The Arte Robotica Workshop proposes a reinterpretation of Dadaist concepts, by creating art pieces with the use of an industrial robot. Tristan Tzara’s „To make a Dadaist Poem” was a true manifesto towards the renewal of art, and an invitation to the first manifestations of controlled chaos.
To make a Dadaist poem:
- Take a newspaper.
- Take a pair of scissors.
- Choose an article as long as you are planning to make your poem.
- Cut out the article.
- Then cut out each of the words that make up this article and put them in a bag.
- Shake it gently.
- Then take out the scraps one after the other in the order in which they left the bag.
- Copy conscientiously.
- The poem will be like you.
- And here are you a writer, infinitely original and endowed with a sensibility that is charming though beyond the understanding of the vulgar.
Computational design and digital fabrication are associated with precise, effective and optimized strategies, tools used towards enhancing design and fabrications processes. But what if they become art, under the aegis of randomness? The true beauty of digitalism lies in the fact that it is utopian, freed by constraints. Reality plays no role in it – only imagination. By using digital manipulation and fabrication, one can find an entirely new alphabet of expression. The Arte Robotica Workshop proposes a reinterpretation of Dadaist concepts, by creating art pieces with the use of an industrial robot.
By gathering real-time data from sound waves, a series of patterns will be generated algorithmically. Through computational tricks, the original patterns will be distorted and will generate a path for the robot arm. While in traditional painting the canvas is still and the color source moves, we propose the inverted situation – three static “color sources” will be placed in front of the robot. One will be a spray paint, the other a scrapping instrument, while the third will be a marker-type brush. The transparent canvas will be mounted on the robot, and will move according to the sound-wave patterns, thus creating a painting that is in no way predictable, yet totally controlled. Therefore, you are not able to see what is being painted, but you can only introduce the parameters and see the end result. The impromptu “painting” will be designing itself on an almost imaginary canvas, which is constantly changing the parameters of the design as it moves itself. The precision of the tool is always succumbed to the authority of the randomness of the movement patterns.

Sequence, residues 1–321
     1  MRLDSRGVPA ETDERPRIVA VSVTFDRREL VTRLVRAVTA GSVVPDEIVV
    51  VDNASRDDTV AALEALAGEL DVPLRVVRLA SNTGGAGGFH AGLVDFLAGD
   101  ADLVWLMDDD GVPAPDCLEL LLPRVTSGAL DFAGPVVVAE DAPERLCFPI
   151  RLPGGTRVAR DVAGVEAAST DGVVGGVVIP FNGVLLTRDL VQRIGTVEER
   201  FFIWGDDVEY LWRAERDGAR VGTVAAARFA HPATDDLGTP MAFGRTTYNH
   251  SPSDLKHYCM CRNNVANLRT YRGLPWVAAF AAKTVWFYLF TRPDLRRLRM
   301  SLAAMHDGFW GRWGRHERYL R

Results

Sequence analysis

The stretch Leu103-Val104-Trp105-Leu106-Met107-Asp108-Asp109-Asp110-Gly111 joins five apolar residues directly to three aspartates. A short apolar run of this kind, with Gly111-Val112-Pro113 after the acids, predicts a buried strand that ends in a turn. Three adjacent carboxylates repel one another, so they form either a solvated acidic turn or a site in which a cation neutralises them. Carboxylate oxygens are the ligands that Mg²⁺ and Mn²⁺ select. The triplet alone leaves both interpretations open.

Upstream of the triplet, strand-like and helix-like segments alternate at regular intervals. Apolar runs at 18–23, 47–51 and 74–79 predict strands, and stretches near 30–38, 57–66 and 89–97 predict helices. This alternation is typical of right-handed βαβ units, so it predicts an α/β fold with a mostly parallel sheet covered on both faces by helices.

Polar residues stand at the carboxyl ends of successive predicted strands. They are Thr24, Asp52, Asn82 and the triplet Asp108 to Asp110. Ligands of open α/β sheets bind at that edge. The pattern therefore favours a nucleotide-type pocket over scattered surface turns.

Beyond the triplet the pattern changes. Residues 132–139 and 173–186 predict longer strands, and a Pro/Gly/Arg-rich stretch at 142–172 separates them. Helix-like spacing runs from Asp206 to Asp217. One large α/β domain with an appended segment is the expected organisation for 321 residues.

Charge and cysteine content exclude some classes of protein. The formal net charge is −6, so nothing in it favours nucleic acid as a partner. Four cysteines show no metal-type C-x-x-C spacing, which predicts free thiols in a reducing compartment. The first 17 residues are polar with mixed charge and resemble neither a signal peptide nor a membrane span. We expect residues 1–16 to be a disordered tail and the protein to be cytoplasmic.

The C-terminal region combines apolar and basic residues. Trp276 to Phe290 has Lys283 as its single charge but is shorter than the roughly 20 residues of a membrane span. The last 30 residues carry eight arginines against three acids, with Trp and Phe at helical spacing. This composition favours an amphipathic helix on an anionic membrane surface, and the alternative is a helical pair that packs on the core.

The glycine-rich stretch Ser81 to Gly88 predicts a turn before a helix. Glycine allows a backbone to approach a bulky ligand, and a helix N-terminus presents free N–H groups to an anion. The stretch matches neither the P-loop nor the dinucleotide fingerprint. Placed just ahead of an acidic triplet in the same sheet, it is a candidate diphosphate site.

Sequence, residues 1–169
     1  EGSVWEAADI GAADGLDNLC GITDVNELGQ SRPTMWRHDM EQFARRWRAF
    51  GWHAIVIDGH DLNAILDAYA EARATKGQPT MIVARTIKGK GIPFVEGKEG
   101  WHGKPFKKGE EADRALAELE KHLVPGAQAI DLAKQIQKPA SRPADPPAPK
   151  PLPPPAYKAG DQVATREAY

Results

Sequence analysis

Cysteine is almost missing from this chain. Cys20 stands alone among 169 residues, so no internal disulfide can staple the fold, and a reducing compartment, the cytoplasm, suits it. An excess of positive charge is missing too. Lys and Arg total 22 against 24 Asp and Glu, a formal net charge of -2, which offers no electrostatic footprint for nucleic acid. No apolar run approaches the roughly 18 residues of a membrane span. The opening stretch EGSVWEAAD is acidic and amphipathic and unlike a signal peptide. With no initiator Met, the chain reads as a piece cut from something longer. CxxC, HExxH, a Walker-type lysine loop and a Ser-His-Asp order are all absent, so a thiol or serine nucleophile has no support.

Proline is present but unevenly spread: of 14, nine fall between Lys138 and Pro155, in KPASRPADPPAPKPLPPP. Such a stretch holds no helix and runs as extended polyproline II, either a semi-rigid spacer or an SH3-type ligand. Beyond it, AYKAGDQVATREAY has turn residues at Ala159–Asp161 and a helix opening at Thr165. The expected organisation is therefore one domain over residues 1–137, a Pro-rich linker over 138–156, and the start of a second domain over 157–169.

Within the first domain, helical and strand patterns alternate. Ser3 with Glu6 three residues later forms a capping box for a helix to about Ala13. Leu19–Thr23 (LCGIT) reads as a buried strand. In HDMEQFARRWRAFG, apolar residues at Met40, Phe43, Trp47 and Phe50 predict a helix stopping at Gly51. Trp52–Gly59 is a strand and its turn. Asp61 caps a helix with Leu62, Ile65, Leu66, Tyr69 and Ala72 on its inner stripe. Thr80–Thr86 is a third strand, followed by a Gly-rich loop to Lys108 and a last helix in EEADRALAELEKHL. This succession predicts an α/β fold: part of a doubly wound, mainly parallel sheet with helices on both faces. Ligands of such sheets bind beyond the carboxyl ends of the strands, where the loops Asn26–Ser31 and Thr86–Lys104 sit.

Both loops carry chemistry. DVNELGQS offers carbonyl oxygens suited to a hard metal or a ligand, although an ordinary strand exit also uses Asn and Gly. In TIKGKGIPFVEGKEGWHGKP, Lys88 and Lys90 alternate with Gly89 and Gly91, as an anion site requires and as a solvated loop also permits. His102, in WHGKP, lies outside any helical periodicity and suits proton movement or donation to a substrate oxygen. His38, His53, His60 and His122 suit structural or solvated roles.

- Rhinoceros 5.0
- Grasshopper (Plug-ins: Taco ABB)
- Adobe Creative Suite (Photoshop and After Effects)
Member @ DesignMorphine
Master in Advanced Architecture at IAAC
Lidia is a multi-oriented designer and writer from Romania. She has worked in fashion design with designer Cristian Samfira, interior design, architecture, scenography, and has written for a number of publications, such as Atelierul de Proiectare or Arch2O. She has done her research thesis within the Institute of Advanced Architecture Catalonia in Barcelona (IAAC), focusing on robotic fabrication and clay extrusion. She is also has collaborated with Noumena and Reshape.